Conversations with conservatives

Reaching across the aisle may be easier than we think

The big question lately is, how do we get conservative Catholics to do something about eco-protection and climate change?

The question is everywhere, and it's coming not only from liberal eco-activists. Moderate and even pretty conservative ones are asking this, too. Of course the question stems from the great ideological divide that is widening even as you read this post. For reasons that are mostly political (that is, I'd say, primordially tribal), there are those on the right who emphatically reject the reality of climate change and eco issues in general, while some on the political left emphatically resist other realities, like the one telling us that life begins at conception.

Either way, overcoming the right-left divide may seem daunting. But it doesn’t need to be.

As someone who considers himself more on the conservative side of things, at least defined by current conventions, I’d like to propose a few ways forward (certainly not an exhaustive review) to help the right be more comfortable with the left when engaging eco and climate issues. In other another post, I'll tackle the matter from the other side.

1. Don’t invite. Just show up. Too often the question being asked is how to invite conservatives to our talks about Laudato Si’, our eco-advocacy planning meetings, and our political marches. How can we get them to come to us, we ask.

But some of the best conversations we can have with our conservative Catholic brothers and sisters will be at “their” events. “Their” fundraisers for pro-life groups. “Their” gatherings in front of abortion clinics saying the Rosary. “Their” talks and planning meetings about issues like abortion, marriage, religious liberty, and so on. Because, after all, those should be our issues, too.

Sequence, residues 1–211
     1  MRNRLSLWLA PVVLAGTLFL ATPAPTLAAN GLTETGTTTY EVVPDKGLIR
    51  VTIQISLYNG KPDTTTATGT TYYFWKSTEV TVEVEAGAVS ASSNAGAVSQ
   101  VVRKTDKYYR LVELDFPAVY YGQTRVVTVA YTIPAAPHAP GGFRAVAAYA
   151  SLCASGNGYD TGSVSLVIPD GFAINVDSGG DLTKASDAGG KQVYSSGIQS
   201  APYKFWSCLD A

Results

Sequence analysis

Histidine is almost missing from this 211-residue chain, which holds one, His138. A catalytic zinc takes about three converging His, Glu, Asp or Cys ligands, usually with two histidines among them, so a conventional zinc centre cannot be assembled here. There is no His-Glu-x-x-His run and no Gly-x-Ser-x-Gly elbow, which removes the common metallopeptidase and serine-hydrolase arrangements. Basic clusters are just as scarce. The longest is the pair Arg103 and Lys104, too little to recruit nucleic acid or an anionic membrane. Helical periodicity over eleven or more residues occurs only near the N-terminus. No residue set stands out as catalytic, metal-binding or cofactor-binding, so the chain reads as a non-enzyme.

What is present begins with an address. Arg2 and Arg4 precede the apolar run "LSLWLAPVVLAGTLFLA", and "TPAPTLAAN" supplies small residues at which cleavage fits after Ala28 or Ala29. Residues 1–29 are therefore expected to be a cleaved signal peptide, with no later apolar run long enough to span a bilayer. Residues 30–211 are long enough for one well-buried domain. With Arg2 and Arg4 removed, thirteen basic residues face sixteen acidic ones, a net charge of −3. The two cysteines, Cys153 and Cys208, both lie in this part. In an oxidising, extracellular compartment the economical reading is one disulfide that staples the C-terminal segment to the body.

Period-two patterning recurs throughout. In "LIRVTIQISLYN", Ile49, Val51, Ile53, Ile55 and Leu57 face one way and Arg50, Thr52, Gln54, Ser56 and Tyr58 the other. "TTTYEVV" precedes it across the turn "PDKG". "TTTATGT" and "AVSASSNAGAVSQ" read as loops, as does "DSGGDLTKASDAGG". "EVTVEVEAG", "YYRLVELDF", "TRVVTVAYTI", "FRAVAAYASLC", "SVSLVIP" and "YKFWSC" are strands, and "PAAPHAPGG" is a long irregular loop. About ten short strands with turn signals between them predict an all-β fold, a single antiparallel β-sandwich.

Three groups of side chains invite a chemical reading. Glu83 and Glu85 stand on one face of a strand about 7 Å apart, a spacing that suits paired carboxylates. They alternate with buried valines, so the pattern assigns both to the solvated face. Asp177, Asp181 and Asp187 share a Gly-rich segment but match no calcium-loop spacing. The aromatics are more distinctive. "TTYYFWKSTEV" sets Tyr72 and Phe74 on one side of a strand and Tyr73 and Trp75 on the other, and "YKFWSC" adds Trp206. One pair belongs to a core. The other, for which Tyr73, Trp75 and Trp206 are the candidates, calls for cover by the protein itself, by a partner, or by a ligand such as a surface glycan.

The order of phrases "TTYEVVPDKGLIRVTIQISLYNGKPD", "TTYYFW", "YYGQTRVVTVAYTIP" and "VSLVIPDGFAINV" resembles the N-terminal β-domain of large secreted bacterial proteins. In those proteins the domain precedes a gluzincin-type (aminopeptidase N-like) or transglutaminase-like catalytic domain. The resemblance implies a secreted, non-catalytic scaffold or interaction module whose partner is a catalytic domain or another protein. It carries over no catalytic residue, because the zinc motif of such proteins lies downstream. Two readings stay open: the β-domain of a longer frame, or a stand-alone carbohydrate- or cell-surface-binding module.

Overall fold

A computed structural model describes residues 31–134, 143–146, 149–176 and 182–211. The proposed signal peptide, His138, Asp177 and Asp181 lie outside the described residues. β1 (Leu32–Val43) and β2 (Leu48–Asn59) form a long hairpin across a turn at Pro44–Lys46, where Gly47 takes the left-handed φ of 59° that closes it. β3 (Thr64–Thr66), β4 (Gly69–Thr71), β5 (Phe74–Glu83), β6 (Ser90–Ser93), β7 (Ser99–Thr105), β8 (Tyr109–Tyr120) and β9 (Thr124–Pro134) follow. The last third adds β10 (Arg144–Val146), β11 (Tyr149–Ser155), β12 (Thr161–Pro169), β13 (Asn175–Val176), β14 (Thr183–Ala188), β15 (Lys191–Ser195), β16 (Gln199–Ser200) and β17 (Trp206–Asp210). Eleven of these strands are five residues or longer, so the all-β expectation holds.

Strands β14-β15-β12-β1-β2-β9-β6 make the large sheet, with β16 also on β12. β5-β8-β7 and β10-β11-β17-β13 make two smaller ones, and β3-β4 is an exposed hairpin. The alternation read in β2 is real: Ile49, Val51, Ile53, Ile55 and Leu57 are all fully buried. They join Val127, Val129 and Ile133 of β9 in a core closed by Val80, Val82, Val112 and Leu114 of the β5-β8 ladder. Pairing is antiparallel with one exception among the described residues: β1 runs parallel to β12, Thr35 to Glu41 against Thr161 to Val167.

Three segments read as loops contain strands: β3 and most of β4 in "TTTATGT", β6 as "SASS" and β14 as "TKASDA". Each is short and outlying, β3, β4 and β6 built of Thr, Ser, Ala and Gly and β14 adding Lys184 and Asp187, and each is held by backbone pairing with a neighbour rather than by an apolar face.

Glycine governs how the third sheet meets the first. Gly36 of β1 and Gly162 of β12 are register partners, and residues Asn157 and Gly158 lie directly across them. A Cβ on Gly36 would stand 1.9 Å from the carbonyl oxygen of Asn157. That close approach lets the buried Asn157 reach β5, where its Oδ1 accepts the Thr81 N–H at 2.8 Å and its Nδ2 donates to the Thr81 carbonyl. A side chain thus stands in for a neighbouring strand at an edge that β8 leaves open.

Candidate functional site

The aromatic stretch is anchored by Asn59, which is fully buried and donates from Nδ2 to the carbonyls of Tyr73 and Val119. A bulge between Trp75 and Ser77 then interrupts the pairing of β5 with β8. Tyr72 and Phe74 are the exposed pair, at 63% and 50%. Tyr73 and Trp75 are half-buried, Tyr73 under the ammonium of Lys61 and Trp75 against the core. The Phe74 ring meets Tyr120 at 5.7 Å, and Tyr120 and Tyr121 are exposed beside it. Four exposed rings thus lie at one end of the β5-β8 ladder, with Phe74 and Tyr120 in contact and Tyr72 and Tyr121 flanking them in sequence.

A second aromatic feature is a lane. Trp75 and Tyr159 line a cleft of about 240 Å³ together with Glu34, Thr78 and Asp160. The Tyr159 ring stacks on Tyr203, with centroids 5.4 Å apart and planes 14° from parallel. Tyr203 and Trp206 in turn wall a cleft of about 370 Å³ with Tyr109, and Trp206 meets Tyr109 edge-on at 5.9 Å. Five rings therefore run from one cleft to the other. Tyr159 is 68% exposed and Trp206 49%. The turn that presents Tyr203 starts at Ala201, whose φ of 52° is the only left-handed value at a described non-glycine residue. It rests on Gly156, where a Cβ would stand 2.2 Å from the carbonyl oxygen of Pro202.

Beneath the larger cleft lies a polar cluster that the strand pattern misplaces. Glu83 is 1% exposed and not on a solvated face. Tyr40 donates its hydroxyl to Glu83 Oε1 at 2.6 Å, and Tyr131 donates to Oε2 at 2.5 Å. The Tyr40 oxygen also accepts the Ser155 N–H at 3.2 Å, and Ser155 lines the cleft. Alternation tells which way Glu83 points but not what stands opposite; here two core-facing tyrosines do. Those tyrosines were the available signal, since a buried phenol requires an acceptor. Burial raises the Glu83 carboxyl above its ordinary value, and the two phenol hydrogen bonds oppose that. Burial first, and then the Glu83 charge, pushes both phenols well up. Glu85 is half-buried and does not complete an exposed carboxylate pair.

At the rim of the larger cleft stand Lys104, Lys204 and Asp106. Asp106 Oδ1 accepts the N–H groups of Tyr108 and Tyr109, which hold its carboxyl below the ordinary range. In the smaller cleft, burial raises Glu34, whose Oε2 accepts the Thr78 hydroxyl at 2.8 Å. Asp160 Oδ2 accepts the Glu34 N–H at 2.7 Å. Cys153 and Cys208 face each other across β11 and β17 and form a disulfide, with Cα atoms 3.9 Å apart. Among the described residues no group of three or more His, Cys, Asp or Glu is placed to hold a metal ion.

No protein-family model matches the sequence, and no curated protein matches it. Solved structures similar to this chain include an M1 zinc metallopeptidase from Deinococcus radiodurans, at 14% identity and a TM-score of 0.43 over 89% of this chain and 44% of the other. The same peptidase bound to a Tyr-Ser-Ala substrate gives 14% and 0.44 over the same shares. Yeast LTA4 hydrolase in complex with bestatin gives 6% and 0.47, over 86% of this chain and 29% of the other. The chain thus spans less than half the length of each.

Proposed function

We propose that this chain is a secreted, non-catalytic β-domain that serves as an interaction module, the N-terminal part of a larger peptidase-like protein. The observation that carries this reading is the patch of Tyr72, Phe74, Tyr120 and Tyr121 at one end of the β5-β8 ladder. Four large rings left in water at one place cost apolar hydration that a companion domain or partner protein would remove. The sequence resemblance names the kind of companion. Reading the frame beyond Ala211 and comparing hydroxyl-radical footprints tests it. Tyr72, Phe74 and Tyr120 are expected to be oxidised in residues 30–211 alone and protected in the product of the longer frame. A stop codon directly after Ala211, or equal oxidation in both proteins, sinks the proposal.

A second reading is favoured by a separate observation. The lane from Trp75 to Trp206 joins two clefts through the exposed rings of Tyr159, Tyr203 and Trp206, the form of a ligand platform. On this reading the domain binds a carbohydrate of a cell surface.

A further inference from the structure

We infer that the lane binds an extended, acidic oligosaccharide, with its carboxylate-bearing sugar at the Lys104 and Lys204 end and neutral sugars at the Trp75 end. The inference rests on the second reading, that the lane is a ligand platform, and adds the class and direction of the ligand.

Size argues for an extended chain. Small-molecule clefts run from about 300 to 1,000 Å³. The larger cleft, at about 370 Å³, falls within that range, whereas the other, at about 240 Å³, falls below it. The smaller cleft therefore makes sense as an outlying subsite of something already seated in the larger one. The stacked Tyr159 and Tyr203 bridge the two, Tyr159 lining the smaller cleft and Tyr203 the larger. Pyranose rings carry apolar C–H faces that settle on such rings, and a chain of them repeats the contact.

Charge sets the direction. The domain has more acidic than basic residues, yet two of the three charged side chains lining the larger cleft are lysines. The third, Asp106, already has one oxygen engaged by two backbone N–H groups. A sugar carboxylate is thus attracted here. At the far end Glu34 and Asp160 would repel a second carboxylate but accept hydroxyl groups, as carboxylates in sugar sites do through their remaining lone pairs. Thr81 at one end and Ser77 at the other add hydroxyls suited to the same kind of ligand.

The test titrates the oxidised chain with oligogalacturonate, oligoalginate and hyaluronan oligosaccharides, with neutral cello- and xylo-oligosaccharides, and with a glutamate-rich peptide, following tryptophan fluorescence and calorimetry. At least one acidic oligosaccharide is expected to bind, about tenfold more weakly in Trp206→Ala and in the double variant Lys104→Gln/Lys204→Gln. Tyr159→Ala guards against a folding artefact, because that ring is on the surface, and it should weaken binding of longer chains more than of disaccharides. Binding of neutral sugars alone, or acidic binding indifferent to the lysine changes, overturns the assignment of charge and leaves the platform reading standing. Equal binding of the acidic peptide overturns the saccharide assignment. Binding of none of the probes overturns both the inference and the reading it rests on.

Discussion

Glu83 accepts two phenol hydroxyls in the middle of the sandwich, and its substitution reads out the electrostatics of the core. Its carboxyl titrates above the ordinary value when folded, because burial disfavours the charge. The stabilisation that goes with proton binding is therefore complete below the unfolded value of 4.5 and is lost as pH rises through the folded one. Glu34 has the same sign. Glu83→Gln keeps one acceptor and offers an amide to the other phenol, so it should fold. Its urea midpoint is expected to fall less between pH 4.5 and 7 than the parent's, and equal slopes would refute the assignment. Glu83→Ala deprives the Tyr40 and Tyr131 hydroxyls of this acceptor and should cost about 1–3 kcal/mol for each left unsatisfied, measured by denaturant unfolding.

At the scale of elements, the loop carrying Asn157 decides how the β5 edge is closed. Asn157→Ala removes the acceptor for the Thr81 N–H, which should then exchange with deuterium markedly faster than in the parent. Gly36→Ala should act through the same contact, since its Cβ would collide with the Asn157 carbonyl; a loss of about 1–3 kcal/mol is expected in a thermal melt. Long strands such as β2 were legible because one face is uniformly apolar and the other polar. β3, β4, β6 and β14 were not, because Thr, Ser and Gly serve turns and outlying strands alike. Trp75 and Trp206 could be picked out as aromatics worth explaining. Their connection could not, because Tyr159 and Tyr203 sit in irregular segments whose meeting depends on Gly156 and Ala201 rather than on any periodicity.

In other words, let “them” get to know you as a friend and fellow fighter in today’s important battles, not just eco-advocacy. Let them get to know you as a person. You’d be surprised how, in time, your new friends will trust you about other matters, like climate change.

2. Listen. This one is tough for me because when I hear folks bring up climate-denial talking points, or legitimate fears about the radical left’s anti-life eco-agenda, my instinct is to quickly speak up, assure, correct, and argue. But as I grow older, God has been helping me appreciate the need to listen, hear, and respond accordingly—with truth, yes, but with charity.

Pope Francis, as always, puts it nicely:

Our openness to others, each of whom is a “thou” capable of knowing, loving and entering into dialogue, remains the source of our nobility as human persons. A correct relationship with the created world demands that we not weaken this social dimension of openness to others, much less the transcendent dimension of our openness to the “Thou” of God. Our relationship with the environment can never be isolated from our relationship with others and with God. Otherwise, it would be nothing more than romantic individualism dressed up in ecological garb, locking us into a stifling immanence. (Laudato Si’, 119)